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Florida Chamber of Commerce Testimony To Office of Insurance Regulation Regarding Workers’ Compensation Rate Hearing

August 16, 2016

Thank you Commissioner Altmaier. And thank you to the Office of Insurance Regulation and Insurance Consumer Advocate Sha’Ron James for your open door policy on an issue that will substantially impact Florida’s competitiveness as well as the job creators that depend on it.

At the Florida Chamber, we believe that putting job creators and injured workers first is the right thing to do to keep Florida’s workers’ compensation system working.

Unfortunately, the Florida Supreme Court’s ruling in the Castellanos case is not about safety or protecting workers. The effect of the decision is to raise costs for no other reason than so plaintiff trial lawyers can raise fees.

In fact, in the Castellanos case, the plaintiff argued that the plaintiff trial lawyer should receive $38,000 in attorney fees for a case in which the injured worker was awarded only $800. That’s $800 for the injured worker, and $38,000 for the trial lawyer.

As we predicted, trial lawyers are back, suing even more. What we’ve seen since May is an increase in lawsuits – a result of the Castellanos and Westphal rulings that allow plaintiff trial lawyers to reach back into the past and seek higher fees on old cases.

So, how much is this going to cost?

NCCI tells us that the increase in lawsuits by trial lawyers, combined with the 19.6 percent workers’ comp rate increase, will cost Florida businesses potentially $1 BILLION or more in unfunded liability. That’s a lucrative deal for personal injury trial lawyers, but a raw deal for injured workers who won’t gain a dime, and may even be out of work longer.

Thirteen years ago, Florida had the highest rates in the United States. We were losing our competitiveness.

The Florida Chamber joined with then Governor Bush to help pass reforms that – over the course of the last 13 years – dropped workers’ comp rates by nearly 60 percent. That put Florida on par with other states, and also helped injured workers get back to work 10 days faster after experiencing an injury on the job.

That will all change as a result of the court’s decision. In fact, the proposed increase would mean Florida will have the highest rates in the Southeast.

Today I want to shed light on how this is going to impact Florida. The Florida Chamber has been talking to employers across Florida.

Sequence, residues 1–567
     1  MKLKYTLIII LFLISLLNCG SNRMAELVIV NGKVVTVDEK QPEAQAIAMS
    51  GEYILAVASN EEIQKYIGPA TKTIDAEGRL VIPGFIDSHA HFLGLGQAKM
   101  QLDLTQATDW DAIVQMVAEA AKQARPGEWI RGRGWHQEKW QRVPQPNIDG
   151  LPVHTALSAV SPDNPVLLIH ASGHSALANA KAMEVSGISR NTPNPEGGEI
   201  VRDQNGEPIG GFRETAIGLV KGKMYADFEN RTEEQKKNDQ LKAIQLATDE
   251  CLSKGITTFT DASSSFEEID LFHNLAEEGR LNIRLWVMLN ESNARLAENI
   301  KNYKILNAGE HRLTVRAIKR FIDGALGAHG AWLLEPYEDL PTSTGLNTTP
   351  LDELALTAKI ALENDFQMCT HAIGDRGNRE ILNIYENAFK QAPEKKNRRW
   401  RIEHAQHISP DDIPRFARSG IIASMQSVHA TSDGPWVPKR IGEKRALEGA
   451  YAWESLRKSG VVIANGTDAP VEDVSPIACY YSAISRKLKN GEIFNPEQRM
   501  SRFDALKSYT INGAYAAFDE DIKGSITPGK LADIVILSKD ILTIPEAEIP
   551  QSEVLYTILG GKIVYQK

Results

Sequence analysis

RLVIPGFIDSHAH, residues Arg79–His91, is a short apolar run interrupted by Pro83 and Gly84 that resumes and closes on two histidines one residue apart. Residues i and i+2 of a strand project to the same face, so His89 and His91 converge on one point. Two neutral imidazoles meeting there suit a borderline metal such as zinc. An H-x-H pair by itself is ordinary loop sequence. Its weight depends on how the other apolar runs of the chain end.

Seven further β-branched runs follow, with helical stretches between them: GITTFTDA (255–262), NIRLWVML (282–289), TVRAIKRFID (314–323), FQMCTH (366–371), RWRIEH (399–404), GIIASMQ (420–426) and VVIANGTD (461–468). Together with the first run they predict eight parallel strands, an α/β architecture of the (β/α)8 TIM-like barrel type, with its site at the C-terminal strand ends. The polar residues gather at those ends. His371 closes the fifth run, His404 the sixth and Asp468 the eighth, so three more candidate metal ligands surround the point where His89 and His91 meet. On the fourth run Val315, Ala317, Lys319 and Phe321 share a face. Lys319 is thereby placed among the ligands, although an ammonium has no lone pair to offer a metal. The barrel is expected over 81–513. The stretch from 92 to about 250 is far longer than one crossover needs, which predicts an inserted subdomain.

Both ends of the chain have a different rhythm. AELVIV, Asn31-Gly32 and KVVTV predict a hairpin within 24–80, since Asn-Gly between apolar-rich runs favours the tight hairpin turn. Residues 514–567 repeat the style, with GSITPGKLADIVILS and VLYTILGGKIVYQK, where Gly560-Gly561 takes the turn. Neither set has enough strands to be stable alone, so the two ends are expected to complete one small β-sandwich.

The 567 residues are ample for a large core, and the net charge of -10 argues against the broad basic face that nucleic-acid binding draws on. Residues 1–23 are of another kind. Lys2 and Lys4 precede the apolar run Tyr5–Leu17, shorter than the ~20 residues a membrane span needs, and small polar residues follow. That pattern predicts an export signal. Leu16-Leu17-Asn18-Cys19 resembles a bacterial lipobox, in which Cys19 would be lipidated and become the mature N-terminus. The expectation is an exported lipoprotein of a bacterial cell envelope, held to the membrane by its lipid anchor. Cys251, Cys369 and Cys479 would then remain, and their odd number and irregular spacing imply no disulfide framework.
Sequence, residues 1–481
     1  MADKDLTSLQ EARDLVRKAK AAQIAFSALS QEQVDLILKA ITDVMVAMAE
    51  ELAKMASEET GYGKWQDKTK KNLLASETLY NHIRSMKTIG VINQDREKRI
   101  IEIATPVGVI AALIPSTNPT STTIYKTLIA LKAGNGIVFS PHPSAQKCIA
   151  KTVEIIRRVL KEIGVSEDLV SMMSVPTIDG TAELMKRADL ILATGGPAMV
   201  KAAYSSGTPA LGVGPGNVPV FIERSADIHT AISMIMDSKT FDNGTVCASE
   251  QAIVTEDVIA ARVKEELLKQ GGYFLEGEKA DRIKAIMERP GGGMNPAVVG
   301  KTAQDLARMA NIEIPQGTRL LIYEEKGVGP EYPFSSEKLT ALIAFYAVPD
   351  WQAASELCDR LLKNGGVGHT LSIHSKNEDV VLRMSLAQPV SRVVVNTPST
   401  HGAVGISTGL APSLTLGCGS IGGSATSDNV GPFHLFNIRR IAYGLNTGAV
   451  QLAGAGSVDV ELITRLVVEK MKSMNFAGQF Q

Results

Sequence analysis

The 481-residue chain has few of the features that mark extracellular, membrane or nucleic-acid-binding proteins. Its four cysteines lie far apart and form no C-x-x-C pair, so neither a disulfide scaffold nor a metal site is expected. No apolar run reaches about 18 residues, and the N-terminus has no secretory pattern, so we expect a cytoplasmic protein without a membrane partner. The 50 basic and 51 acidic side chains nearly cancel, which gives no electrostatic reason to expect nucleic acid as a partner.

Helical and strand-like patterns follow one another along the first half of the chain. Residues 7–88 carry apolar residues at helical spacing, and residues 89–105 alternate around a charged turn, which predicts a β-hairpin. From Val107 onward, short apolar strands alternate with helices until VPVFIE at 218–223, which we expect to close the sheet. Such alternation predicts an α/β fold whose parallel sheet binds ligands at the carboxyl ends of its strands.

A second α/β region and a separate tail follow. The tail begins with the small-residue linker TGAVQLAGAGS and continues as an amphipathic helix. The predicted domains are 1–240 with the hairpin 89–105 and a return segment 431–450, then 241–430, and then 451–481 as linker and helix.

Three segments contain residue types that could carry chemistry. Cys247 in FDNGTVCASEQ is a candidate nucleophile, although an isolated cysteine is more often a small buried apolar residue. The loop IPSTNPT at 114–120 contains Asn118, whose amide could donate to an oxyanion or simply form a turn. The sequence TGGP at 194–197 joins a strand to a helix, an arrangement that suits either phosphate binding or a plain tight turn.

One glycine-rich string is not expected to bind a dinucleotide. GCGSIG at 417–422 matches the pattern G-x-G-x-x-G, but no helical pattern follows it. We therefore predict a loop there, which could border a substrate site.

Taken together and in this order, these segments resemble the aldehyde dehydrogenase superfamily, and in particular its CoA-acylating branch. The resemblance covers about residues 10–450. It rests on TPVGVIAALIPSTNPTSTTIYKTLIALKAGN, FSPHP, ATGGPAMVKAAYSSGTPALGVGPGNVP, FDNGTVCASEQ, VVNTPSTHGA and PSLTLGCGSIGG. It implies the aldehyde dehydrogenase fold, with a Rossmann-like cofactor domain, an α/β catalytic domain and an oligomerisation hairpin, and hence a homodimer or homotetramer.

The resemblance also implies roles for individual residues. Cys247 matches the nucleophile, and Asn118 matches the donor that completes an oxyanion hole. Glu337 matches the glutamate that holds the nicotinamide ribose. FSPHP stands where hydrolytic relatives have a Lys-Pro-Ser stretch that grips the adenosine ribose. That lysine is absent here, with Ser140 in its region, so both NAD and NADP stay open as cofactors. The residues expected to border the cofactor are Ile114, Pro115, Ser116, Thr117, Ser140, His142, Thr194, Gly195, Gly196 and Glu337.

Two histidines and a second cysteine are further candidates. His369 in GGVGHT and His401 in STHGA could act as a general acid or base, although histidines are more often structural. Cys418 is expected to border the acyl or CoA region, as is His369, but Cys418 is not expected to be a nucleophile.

In fact, the Florida Chamber’s Workers Comp Task Force has already met more than half a dozen times to hear from large and small businesses, trade associations, and local chambers of commerce and workers comp experts.

Take, for example, Ron John Surf Shop. CEO Debbie Harvey, who co-chairs the Florida Chamber’s Workers’ Comp Task Force, says a 20 percent increase in workers’ comp rates means Ron Jon will no longer be able to add a new, mid-level employee to their team next year.

I wish I could tell you this is an outlier story, but it is not. Unfortunately, that’s the impact an increase of this magnitude could have on businesses – making them choose between hiring new employees or paying higher workers’ comp premiums.

This increase is particularly troublesome, and causing uncertainty. Especially considering many small businesses haven’t budgeted for dramatically higher workers’ comp fees.

Florida businesses care about their injured workers and want to make them whole. That’s how the system was designed to work.

But now, thanks to the Supreme Court and especially thanks to plaintiff trial lawyers, it’s ok to collect fees nearly 50 times as much as the injured workers judgement.

I remember when Florida had the highest rates in the country, and my fear is with this increase, we’ll have the highest rates in the Southeast. And rates could potentially spiral out of control again.

One thing is for certain, this will have a negative impact on Florida’s business climate.

It will likely impact Florida’s 60 consecutive months of job growth.

And perhaps most disturbing, is that this will be a self-inflicted wound that advantages trial lawyers instead of workers.

I encourage OIR to be 100 percent actuarially honest about what these massive fees the trial lawyers are pushing will do to the system. The more honest you are about what these cost are going to be, the more clear it will be that immediate action by the Florida Legislature will be necessary.

The Florida Chamber and the Florida Chamber’s Workers’ Comp Task Force look forward to working with OIR, the Division of Workers’ Compensation, and the Florida Legislature on developing a remedy to the Supreme Court’s decision.

On behalf of the Florida Chamber of Commerce and job creators in Florida, thank you.

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